For 30 years, Bob and Judy Gore have lived at Berry Patch Farm, a six-acre property that used to operate as a pick-your-own blueberry farm in Boxford, Massachusetts. Its bucolic setting and 1830 house, a traditional two-and-a-half-story Georgian Colonial, brought them and their two teenage daughters from Pennsylvania in 1991. There have been many alterations over the years; the Gores themselves added a garage, renovated the second floor to make a master suite, updated a bathroom, and bumped out part of the first floor to make a more comfortable kitchen.
A few years ago one of their daughters, Chandlee, moved back with her two children, Raynie and Lincoln, and the family started thinking seriously about tailoring the house to everyone’s needs, as well as the possibility of Bob and Judy aging in place there. That’s when the real brainstorming began.
At first, the family planned to build a new one-story cottage on the property for Bob and Judy so that Chandlee and the kids could live in the house. They got as far as completing the design with architect Benjamin Nutter, but, Bob says, “I was never really wild about that idea because it would have been built right in the middle of a beautiful field.” It turns out, Judy and Chandlee weren’t totally on board either. So they put everything on hold until they realized what they really should be doing was fixing up the “west wing,” the old piecemeal additions that were most likely used for animals or for storage or as a carriage house. The west wing had no foundation, all the rooms were in bad condition, and even though it was technically heated, there was no insulation so it was always freezing.
Nutter, whose Benjamin Nutter Architects is in Topsfield, agreed the spaces were “beyond renovation and repurposing and saving,” so together with builder Stephen Howell of Howell Custom Building Group of Lawrence, Massachusetts, they decided to tear it down and rebuild a new and improved west wing. Finished over the winter of 2019, it “blends in perfectly with the architectural design and style of the main part of the house,” says Bob. But, “it’s infinitely better.”
Conforming to town regulations for in-law apartments, or accessory dwelling units, 1,000 square feet on the first floor includes a combined kitchen, breakfast, and living area, a bedroom, bathroom, and some closet space. An entry connects this to the main house, while above is a new bedroom off of a new hallway that connects it to the main house’s second floor. The plumbing, insulation, and HVAC systems were also upgraded.
This new configuration provides the Gores with options for the future. The plan, which Nutter describes as a “chess match” since there are plenty of spaces for the family members (or chess pieces, if you will) to move depending on the situation, is that Bob and Judy will most likely move into the new apartment—whether it’s because they want to downsize or the health of one of them requires one-story living—and Chandlee and the kids would live in the main house. But they are also comfortable where they are now. “We made it functional for the variety of lifetime adjustments,” says Nutter. Chandlee and the kids typically use the new kitchen and living area, so everyone feels they have enough space and are not encroaching on anyone’s privacy.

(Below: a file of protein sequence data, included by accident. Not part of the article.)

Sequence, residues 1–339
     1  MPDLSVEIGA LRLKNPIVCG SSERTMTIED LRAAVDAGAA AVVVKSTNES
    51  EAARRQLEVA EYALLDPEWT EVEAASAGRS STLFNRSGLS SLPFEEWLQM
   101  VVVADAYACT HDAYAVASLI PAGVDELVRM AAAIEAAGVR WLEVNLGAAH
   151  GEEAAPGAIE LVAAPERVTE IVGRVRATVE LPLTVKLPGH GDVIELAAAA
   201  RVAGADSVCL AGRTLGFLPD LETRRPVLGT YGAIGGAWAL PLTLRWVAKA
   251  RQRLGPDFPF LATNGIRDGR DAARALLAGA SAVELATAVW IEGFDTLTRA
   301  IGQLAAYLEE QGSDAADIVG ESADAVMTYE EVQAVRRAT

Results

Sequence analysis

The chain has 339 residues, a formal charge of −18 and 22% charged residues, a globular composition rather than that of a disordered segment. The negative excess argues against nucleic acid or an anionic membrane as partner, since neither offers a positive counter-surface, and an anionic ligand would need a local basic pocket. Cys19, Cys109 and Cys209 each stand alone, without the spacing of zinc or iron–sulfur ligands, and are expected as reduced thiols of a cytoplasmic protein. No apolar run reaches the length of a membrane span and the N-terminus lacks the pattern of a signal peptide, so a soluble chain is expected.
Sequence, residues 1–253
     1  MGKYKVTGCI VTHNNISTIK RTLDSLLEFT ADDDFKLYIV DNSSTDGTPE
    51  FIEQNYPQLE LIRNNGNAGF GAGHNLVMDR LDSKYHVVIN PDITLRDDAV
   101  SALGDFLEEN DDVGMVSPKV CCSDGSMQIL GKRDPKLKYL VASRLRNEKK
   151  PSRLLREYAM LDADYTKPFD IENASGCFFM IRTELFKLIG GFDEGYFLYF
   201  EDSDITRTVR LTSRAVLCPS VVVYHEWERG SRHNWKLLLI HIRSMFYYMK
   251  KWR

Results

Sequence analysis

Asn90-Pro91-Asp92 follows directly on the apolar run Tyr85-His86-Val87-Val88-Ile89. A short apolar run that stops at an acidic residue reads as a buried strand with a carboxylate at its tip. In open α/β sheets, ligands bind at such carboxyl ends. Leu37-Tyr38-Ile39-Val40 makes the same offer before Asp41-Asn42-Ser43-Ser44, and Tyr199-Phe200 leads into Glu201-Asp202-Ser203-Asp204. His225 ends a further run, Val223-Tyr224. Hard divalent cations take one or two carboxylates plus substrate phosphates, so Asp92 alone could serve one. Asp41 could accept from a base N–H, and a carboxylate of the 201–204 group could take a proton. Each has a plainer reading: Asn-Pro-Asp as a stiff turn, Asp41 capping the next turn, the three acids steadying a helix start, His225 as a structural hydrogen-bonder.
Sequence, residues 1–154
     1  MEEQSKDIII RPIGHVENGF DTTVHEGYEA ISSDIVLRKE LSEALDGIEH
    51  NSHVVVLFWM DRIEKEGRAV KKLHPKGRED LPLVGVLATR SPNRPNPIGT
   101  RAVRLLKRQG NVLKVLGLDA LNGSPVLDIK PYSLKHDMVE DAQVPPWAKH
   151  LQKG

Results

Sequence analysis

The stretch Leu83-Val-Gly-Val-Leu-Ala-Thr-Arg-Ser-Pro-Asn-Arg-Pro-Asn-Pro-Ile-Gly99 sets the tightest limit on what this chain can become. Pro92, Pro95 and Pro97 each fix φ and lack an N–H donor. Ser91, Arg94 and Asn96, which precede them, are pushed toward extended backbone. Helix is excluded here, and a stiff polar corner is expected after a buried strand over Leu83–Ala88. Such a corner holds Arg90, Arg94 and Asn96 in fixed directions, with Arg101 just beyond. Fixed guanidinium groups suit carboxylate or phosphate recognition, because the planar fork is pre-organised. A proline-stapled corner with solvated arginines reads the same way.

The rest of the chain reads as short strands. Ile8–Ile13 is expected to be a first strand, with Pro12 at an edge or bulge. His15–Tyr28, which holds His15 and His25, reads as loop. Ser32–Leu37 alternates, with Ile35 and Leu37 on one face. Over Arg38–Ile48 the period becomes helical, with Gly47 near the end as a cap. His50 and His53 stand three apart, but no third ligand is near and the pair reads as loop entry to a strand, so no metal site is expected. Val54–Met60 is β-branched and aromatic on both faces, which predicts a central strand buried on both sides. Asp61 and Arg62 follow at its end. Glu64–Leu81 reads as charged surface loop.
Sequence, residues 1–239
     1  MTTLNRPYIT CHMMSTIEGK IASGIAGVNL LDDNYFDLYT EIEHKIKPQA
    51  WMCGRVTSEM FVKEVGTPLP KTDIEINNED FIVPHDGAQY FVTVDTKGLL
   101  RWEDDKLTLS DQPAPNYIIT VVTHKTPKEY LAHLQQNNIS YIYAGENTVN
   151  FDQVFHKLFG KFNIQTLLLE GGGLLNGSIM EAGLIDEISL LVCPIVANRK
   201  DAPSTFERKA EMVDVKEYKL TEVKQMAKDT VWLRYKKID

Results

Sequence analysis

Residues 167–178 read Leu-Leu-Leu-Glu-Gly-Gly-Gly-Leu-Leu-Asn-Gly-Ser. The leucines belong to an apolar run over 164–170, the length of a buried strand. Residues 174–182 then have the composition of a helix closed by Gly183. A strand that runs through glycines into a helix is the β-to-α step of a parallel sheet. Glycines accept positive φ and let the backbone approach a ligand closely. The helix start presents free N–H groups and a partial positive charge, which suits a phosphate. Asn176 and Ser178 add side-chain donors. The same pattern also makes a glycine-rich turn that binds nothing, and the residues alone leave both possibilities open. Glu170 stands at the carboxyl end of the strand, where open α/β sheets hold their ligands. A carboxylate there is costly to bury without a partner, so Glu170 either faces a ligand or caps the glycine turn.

“It works out so well,” says Bob. “Everyone’s got their space, but everyone’s also trespassed at one point or another. Fingerprints are left on the refrigerators.”
A project like this is a creative solution for people who are growing older but want to stay home with family. Nutter says, “There’s a demographic of people out there that are faced with an aging in place issue in their families and they might not be aware of an option like this. Families can remain in their homes in creative and sensitive ways.”
The most crucial aspect of the design is what the design team calls the “knuckle”—the part of the new wing that connects to the old. “The new space was tying in on three existing walls and two stories,” says Howell, “and all three walls were of a different vintage.” One goes back to the original house. Another is from to the first addition, which Nutter and Howell estimate was prior to the Civil War. The third is from the garage, which was built in 2005. “So we were tying into three different foundations and three different framing methodologies of those periods,” says Howell. “There was a process of discovery and tweaking of the plan to get the new structures aligned with the existing structures. It was the type of challenge that required real-time collaboration and in the heat of the moment between the design and building teams.”
Now, the knuckle is where the Gores’ dining table is—a symbol of the two families coming together for dinner whenever they can.
Ironically, says Nutter, the house “was probably built as a two-family,” or some sort of multi-generational house. “What worked then still works now,” he adds.
But for the Gores, it isn’t exactly about two families living together. Their three generations are just one big family. “It’s wonderful having everyone around and we’re really blessed with the amount of space,” says Bob. At Berry Patch Farm, there’s beauty and warmth in the atmosphere. Everyone being together and taking care of each other.